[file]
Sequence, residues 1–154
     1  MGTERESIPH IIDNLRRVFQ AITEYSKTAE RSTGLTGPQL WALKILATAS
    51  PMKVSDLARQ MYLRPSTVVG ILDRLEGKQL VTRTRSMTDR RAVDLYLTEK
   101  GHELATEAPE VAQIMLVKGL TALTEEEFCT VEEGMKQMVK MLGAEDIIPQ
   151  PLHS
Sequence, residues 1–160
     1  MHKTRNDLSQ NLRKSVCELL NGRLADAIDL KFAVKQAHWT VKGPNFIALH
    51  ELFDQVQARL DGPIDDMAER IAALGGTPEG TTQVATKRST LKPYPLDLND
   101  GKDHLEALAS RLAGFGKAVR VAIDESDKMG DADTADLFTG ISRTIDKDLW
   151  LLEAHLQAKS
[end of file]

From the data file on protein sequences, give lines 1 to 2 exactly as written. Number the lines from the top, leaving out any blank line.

Sequence, residues 1–154
     1  MGTERESIPH IIDNLRRVFQ AITEYSKTAE RSTGLTGPQL WALKILATAS